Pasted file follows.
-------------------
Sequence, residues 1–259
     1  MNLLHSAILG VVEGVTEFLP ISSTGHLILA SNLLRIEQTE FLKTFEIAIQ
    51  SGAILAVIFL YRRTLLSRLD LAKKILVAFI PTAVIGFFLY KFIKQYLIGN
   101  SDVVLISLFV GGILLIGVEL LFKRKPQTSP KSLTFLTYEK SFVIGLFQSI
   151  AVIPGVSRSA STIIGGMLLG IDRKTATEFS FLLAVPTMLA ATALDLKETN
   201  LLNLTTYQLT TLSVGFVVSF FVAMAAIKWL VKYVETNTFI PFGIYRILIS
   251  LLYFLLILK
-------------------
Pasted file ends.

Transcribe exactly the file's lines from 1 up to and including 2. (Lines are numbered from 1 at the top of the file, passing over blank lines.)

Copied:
Sequence, residues 1–259
     1  MNLLHSAILG VVEGVTEFLP ISSTGHLILA SNLLRIEQTE FLKTFEIAIQ